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Tsvetana Paraskova

Tsvetana Paraskova

Tsvetana is a writer for Oilprice.com with over a decade of experience writing for news outlets such as iNVEZZ and SeeNews. 

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When Will Chinese Oil Imports Boost Oil Prices?

  • China’s crude imports in the first quarter of the year came in slightly below expectations.
  • Underwhelming economic data from China in recent weeks have also depressed market sentiment.
  • Analysts expect Chinese crude oil demand to further recover in the second half of 2023.

China’s sluggish crude oil trade in the first quarter of the year has added to macroeconomic concerns and banking sector jitters to keep oil prices around $80 a barrel so far in 2023, despite the Chinese reopening and expectations of stronger demand in the world’s top crude importer later this year.    

China’s imports of crude oil surged by 22.5% year-over-year in March to the highest monthly volumes in nearly three years since June 2020, official data showed in April as refiners were increasing fuel output to meet expected rising demand.    

China imported as much as 52.3 million tons of crude oil in March, per data from the country’s General Administration of Customs cited by Reuters. The import volumes in tons equal 12.3 million barrels per day (bpd)—the highest for any month since June 2020 and much higher than the 10.1 million bpd of crude oil imports in March 2022.  

For the first quarter, China’s crude oil imports rose by 6.7% compared to the same period in 2022, according to the customs data. 

But crude oil imports in April fell compared to March. China crude oil saw arrivals in April at just 10.67 million bpd, significantly down compared to 12.37 million bpd imports in March, according to Refinitiv data.

So in the first four months of 2023, China’s crude oil imports rose to 179 million tons, up from 171 million tons for January-April 2022, but below 180 million tons imported in the same period of 2021, according to data from the General Administration of Customs cited by Reuters market analyst John Kemp Related: Clean Energy Megaprojects Face Iron Law

Apart from a surge in March, Chinese oil imports so far this year haven’t been as strong as initially expected, weighing on oil prices alongside the banking sector turmoil and fears of a recession as a result of rising interest rates.  

Underwhelming economic data from China in recent weeks have also depressed market sentiment.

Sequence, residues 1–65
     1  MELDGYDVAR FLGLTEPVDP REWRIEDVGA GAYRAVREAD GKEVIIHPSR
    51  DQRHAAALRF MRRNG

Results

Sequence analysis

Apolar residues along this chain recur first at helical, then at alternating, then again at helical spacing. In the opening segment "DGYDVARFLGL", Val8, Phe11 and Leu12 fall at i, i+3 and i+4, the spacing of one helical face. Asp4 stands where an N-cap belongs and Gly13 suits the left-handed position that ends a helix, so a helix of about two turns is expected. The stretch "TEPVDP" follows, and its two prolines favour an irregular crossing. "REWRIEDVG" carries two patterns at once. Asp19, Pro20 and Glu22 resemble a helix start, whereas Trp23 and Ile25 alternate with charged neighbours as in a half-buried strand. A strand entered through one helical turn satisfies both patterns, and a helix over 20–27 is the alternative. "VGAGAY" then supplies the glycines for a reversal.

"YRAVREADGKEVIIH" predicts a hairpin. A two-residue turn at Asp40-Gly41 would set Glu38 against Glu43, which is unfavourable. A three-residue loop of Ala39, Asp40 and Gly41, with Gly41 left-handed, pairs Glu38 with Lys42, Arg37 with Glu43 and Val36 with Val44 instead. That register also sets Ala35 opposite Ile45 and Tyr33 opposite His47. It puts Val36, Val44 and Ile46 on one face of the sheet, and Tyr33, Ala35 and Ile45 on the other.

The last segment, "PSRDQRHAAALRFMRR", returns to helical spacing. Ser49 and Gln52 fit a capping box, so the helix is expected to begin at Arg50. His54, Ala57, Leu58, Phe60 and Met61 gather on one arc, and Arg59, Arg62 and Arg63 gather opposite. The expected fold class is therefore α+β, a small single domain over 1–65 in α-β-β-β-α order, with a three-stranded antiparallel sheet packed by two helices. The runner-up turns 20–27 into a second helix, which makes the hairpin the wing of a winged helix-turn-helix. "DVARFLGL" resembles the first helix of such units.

However, analysts and major forecasters continue to believe that the true Chinese rebound will take place in the second half of the year, with higher jet fuel and gasoline demand thanks to increased mobility, strong demand for petrochemicals feedstock, and a recovery in infrastructure and construction activities. 

China’s economic growth could exceed official targets and consumer mobility and spending could surge to super-charge a renewed increase in energy commodity prices, especially crude oil, Wood Mackenzie said in a report at the end of March.

Under WoodMac’s base-case scenario, Chinese oil demand would rise by 1 million bpd this year, driving the expected 2.6-million-bpd growth in global oil consumption. In a high-growth scenario, the world’s top crude oil importer could see oil demand jumping by 1.4 million bpd on the year, or about 400,000 bpd higher than in the base case, driving up oil prices by another $3-$5 per barrel compared to the base case.  

Both OPEC and the International Energy Agency (IEA) are upbeat on Chinese demand in their latest monthly reports for May. 

OPEC sees China leading the expected 2.3 million bpd global oil demand growth, while the IEA noted that Chinese oil consumption in March set an all-time record-high at 16 million bpd. 

The Chinese recovery continues to exceed expectations, the IEA said in its Oil Market Report last week and raised its global oil demand growth forecast for 2023. 


The world’s oil demand is set to rise by 2.2 million bpd this year to a record 102 million bpd, said the IEA, which revised up its growth forecast by 200,000 bpd compared to last month’s assessment.  

Rising Chinese demand and crude oil imports could tighten the oil market later this year if the U.S. manages to avoid a severe recession. 

By Tsvetana Paraskova for Oilprice.com 

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